The Paris terrorist attacks fuelled governmentsâ€™ not-so-secret desire to enhance mass surveillance at the cost of peopleâ€™s privacy – by accessing private, encrypted communications sent via popular online services such as WhatsApp, Apple and Gmail. But can end-to-end encrypted services be intercepted and, if so, under what circumstances? Bitdefender offers insight from a security perspective.
By definition, end-to-end encryption means nobody except the receiver can read the message passing through the communication channel. Not even companies who offer the service can read it. If WhatsApp doesnâ€™t know your secrets, that means the FBI, GHCQ or other governmental agencies donâ€™t either.
So, the more privacy-friendly technology is, the more anxious governments become.
CALEA, a US 1994 law, allowed authorities to wiretap communications companies to investigate crime suspects, and the FBI thinks itâ€™s time to add rules for online services. Recently, news broke that the NSA is working to crack VPNs and the encryption protocols used by chat services such as Skype. In the aftermath of the Charlie Hebdo attacks in Paris, British Prime Minister David Cameron wants a ban on encryption of messages as part of an anti-terror law for the Internet.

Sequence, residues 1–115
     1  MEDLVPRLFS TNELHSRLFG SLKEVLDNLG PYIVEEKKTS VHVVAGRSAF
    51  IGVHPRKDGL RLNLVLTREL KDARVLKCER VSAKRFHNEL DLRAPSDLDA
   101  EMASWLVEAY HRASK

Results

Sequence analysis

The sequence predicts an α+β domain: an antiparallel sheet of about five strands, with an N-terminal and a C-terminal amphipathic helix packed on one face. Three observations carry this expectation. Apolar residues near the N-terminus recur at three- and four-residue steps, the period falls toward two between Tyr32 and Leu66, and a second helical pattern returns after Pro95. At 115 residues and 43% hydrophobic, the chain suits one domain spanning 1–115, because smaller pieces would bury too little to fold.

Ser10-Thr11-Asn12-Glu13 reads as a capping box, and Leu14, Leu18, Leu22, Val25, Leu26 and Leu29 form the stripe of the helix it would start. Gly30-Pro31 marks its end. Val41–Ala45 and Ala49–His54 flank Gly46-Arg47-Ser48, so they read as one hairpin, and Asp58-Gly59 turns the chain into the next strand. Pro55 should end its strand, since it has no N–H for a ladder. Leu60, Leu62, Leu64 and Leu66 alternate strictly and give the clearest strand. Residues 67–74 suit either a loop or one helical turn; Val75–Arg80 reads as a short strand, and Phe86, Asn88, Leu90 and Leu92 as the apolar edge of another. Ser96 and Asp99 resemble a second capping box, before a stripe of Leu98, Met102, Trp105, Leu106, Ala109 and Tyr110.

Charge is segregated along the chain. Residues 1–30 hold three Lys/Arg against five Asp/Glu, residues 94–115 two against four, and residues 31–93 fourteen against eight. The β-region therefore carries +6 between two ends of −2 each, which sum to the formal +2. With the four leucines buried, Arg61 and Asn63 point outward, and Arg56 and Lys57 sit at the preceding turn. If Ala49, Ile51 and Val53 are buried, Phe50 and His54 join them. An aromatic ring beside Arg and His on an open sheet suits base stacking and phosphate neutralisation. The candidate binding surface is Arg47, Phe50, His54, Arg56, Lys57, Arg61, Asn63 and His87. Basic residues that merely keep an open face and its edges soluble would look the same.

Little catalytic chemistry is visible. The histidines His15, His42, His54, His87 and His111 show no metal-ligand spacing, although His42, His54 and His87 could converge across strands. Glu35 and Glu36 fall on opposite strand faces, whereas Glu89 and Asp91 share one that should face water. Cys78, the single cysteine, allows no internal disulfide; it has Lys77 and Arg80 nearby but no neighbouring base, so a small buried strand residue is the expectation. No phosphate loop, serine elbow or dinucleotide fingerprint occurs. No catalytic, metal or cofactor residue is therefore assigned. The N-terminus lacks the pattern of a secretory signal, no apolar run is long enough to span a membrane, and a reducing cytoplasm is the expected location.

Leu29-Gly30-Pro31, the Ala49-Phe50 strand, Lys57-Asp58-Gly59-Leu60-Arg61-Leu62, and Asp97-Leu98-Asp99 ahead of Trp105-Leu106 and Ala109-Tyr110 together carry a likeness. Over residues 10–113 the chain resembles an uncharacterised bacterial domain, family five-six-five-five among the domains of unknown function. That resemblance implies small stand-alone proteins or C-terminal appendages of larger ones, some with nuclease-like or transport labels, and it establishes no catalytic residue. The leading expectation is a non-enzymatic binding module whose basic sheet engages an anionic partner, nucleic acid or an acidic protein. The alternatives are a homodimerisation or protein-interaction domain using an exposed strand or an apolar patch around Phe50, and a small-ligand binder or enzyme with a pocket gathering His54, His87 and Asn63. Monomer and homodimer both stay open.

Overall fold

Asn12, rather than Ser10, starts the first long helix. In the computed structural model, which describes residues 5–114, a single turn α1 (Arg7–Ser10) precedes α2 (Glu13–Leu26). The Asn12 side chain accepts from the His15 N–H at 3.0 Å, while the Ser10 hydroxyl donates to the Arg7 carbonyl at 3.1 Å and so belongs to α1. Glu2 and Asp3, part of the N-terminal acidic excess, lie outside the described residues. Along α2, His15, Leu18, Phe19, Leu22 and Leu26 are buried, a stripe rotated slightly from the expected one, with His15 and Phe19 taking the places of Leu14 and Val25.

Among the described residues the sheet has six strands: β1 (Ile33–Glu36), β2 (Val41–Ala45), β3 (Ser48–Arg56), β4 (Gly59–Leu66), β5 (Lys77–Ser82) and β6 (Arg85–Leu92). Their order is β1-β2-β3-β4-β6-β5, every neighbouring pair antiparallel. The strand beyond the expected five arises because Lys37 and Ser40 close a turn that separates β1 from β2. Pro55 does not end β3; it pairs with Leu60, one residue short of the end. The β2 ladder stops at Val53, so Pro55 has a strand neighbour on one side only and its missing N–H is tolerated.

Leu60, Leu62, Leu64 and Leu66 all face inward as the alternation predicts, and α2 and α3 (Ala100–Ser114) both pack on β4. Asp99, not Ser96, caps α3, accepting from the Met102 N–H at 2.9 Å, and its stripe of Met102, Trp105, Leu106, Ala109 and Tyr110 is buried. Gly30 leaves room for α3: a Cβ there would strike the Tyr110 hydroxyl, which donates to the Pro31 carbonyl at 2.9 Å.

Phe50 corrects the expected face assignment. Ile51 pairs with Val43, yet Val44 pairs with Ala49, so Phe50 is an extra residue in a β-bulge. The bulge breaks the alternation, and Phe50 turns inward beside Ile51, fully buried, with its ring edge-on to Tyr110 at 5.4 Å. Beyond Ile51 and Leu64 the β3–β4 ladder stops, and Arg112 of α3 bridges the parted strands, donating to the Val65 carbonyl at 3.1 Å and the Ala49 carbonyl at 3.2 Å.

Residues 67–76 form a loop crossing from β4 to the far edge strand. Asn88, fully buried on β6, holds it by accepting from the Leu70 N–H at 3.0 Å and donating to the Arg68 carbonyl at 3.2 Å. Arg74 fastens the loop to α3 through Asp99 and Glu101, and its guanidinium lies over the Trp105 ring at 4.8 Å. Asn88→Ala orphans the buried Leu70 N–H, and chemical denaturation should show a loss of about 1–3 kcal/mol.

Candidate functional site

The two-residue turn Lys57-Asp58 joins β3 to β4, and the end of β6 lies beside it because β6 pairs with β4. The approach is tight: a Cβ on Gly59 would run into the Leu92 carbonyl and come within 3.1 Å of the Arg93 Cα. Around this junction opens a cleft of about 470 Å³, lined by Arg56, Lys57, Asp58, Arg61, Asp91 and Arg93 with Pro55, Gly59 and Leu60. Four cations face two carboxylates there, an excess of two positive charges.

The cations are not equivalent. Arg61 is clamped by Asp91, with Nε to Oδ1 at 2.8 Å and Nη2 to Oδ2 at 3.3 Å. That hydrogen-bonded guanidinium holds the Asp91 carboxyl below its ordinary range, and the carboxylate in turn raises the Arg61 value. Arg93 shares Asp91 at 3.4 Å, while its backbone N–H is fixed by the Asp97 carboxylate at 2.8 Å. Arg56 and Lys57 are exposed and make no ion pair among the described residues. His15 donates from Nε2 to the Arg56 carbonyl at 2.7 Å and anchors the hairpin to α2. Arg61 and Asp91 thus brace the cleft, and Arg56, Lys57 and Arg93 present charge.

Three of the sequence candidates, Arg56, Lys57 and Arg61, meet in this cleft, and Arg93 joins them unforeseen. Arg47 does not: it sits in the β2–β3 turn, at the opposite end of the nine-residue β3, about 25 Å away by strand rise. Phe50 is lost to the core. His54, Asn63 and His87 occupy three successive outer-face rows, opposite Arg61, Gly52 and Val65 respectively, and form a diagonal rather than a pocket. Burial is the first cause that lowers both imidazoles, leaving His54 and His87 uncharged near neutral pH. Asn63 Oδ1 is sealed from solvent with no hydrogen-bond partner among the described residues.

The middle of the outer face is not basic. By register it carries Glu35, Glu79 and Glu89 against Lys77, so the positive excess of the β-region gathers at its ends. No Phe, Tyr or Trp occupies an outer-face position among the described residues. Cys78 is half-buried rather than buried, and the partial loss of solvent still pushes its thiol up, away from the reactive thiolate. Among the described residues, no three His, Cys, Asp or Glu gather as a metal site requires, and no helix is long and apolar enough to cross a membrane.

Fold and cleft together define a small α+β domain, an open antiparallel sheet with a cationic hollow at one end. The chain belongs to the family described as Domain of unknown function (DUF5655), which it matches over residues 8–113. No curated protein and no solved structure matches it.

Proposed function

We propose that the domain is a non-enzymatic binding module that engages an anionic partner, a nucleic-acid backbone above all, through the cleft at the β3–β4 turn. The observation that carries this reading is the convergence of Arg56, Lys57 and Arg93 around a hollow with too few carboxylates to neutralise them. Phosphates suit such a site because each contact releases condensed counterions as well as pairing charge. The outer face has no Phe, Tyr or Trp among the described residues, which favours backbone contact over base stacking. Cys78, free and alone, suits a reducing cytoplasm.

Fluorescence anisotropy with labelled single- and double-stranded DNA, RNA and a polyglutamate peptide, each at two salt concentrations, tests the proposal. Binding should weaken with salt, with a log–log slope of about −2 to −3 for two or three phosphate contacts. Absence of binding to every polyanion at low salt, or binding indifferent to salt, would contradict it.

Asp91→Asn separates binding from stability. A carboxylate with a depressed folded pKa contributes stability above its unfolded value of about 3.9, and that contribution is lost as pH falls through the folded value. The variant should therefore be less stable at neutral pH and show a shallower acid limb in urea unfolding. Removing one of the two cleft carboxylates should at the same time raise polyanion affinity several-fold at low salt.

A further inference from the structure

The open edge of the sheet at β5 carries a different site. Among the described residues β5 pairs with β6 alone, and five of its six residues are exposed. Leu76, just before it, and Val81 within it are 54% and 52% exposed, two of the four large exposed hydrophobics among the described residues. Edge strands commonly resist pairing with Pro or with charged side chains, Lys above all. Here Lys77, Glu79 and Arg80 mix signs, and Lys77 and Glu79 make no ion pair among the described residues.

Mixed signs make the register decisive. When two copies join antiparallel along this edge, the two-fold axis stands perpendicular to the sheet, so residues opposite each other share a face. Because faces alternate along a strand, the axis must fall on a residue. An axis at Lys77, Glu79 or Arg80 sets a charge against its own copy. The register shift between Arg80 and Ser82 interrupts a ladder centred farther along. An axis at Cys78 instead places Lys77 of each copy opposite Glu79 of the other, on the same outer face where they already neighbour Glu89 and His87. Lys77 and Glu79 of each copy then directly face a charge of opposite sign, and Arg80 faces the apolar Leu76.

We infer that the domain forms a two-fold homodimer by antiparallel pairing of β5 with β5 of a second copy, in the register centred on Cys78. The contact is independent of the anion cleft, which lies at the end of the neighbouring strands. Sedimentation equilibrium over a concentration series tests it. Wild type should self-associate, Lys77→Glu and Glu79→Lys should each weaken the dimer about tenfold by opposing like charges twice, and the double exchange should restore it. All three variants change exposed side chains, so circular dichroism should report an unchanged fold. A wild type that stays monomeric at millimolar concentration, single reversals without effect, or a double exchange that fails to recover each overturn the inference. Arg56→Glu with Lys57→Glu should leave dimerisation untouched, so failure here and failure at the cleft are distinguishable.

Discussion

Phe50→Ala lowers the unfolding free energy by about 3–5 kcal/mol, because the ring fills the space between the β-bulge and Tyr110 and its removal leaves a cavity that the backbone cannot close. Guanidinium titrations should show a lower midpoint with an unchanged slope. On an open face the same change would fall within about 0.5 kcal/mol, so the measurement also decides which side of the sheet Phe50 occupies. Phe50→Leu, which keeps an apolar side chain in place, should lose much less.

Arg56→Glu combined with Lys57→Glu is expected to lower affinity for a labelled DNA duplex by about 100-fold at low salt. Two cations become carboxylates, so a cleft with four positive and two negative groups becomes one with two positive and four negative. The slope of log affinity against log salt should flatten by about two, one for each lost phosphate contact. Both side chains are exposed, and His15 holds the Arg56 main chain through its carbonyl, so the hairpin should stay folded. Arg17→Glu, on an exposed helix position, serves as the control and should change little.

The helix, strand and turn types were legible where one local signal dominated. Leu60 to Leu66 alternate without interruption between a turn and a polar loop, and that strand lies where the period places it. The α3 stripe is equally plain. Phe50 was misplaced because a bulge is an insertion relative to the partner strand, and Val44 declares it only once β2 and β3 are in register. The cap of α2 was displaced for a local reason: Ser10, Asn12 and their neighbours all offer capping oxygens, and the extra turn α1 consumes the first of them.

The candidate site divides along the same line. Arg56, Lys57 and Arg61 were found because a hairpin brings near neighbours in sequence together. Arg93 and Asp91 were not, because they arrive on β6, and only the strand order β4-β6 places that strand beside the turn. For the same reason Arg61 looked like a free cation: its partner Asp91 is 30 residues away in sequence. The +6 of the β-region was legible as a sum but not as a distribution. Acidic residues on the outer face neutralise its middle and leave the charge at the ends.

The end of online privacy?
Besides violating Internet freedom, a crackdown on encryption eliminates any possibility of cyber security. A security downgrade to basic encryption is a neither safe, nor likely to succeed.
Companies that have chosen to implement end-to-end encryption have invested costly extra resources into the project. End-to-end encryption involves extra computation for both clients to negotiate keys and to actually do the encryption/decryption, which translates to slower response and lower battery performance on mobiles, among other issues.
Authorities suggest using backdoors in encrypted software to read communications between journalists, activists, dissidents and whistleblowers around the world, yet these could end up in the wrong hands and endanger usersâ€™ privacy and security.
Banning encryption altogether is almost impossible. Most messaging apps are not built in the UK, which means theyâ€™re out of the UKâ€™s jurisdiction. In the absence of a global data privacy law, why would companies give up their security efforts? Services like WhatsApp, iMessage and Telegram would need to make major changes to their services to function in the UK according to the proposed legislation.
Ultimately, under pressure, some of the most popular digital products in the world could cease to offer their services to UK users. Seeing the complex web of commercial interests around us, itâ€™s safe to say online chats remain private, for now.